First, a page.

Just as the Winter Olympics are heating up international competition in Vancouver this week, the U.S. has suffered a bit of a statistical loss to non-American companies on home turf: American-owned companies have captured far fewer U.S. patents from the U.S. Patent and Trademark Office in 2009. U.S. corporations hold about 49% of all U.S. utility patents in 2009, while non-U.S. firms hold the majority.
In a repeat of last year’s trend, major Asian companies, such as South Korea’s Samsung, Japan’s Canon, Panasonic, Toshiba, Sony and Seiko Epson have snagged a spot in the top ten in number of patents issued in 2009, according to the IFI Claims Patent Services ranking.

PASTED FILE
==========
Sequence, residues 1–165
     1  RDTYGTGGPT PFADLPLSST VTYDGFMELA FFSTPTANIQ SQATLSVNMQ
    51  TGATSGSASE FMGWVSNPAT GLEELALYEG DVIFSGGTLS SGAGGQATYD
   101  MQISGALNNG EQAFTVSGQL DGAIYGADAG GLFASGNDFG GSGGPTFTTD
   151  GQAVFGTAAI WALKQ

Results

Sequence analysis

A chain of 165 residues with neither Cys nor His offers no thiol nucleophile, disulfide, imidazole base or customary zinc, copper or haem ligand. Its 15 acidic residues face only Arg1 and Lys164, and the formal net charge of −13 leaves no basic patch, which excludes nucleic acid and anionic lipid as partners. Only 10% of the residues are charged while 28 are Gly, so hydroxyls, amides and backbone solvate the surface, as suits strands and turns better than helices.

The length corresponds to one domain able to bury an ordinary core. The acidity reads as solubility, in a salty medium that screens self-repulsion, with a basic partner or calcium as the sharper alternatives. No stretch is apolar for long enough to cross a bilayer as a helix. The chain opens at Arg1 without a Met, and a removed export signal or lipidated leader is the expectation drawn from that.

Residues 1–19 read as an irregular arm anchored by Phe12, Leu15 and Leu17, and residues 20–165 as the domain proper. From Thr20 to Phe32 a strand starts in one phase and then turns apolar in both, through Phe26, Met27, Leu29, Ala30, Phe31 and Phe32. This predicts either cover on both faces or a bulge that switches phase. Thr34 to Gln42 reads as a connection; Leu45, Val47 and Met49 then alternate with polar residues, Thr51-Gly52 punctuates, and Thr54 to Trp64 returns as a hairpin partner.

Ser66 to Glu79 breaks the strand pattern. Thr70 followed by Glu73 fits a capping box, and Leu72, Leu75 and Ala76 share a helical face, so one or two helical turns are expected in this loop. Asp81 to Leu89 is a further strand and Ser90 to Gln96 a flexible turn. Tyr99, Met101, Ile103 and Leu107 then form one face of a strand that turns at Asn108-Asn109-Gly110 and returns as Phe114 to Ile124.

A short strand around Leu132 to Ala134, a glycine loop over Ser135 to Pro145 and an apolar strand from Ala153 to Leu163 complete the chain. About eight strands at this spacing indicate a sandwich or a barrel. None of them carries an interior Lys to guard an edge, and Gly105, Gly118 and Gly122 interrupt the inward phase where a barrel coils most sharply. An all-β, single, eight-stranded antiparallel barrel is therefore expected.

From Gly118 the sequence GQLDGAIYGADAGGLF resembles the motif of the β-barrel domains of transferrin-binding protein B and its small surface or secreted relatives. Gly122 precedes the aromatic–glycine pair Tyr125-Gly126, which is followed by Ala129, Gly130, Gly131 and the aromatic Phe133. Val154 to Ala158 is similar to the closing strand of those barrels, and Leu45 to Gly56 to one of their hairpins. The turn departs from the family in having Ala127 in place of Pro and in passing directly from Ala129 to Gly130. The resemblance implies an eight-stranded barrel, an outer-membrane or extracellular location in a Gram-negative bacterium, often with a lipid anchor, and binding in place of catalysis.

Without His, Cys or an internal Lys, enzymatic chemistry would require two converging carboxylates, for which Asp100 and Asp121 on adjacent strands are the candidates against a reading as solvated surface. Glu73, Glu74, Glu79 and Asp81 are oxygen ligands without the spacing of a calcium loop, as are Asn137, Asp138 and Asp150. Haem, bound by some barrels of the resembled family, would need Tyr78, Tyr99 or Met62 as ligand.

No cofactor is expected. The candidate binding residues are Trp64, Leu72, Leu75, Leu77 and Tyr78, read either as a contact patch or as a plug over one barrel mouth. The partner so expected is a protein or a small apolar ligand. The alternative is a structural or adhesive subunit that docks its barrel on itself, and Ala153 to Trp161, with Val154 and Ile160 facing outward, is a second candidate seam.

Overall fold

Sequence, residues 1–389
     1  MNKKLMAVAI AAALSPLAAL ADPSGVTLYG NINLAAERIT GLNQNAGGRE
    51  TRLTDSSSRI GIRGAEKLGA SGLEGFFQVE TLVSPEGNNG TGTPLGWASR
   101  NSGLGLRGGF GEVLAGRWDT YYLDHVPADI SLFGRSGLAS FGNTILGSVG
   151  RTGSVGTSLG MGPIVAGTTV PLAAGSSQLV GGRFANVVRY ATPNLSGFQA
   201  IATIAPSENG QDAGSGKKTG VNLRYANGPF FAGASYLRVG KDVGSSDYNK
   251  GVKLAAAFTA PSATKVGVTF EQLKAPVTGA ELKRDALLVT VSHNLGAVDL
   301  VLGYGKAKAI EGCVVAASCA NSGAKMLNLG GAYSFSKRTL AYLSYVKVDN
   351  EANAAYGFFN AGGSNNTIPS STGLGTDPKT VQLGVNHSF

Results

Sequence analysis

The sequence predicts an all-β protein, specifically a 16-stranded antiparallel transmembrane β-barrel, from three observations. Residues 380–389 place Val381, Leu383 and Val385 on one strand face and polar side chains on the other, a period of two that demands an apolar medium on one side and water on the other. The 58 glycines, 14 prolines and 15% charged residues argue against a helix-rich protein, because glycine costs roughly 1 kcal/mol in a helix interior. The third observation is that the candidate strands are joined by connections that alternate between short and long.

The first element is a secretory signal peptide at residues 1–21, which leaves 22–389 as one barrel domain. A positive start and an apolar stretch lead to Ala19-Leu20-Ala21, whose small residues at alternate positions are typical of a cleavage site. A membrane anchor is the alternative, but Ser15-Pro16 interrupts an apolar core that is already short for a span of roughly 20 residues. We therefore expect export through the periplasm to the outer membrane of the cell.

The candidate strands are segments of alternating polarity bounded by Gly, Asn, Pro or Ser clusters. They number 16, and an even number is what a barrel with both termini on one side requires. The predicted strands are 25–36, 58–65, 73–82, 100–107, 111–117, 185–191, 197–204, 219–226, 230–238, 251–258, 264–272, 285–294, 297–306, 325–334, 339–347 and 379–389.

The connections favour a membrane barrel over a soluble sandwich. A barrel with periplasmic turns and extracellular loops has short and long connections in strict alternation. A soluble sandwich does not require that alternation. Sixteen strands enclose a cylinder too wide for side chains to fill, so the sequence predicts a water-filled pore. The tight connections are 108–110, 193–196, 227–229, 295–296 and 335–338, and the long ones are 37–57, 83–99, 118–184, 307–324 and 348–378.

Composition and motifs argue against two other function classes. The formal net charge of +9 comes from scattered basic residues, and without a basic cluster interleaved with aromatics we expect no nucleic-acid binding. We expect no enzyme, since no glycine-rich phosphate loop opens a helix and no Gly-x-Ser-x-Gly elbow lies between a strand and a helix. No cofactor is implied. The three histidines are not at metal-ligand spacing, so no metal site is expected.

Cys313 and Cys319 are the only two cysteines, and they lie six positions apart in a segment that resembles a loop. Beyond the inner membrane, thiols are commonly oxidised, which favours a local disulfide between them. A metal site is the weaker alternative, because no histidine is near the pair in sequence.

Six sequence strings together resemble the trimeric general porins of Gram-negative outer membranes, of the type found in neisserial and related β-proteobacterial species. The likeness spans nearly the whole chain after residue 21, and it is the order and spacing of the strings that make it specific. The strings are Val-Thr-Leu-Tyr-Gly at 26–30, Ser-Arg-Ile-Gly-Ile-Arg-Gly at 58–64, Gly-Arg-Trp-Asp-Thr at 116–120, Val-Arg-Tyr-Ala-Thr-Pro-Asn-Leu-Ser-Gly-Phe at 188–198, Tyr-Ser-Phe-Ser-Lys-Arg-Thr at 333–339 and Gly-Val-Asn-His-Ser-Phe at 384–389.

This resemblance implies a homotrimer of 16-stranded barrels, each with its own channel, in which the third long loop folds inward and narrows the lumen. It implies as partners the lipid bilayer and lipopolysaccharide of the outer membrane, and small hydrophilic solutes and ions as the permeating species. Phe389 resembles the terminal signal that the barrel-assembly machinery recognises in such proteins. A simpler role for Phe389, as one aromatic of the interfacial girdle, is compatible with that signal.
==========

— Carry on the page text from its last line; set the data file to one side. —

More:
An interesting note: out of the top 10 on the list, many, such as Canon (viewfinder patent sketch featured above), Panasonic, are diverse companies whose products include printers and televisions, but have a notable stake in the consumer camera industry. Fujifilm, a Japanese-owned company dedicated to consumer camera products alone, placed 19th on the top 50 list as well.
Though the sheer number of patents does imply an accelerated growth and company innovation with an intent to bring the products to a consumer market, the press release notes that America has held its own considering the recession climate that still lingers: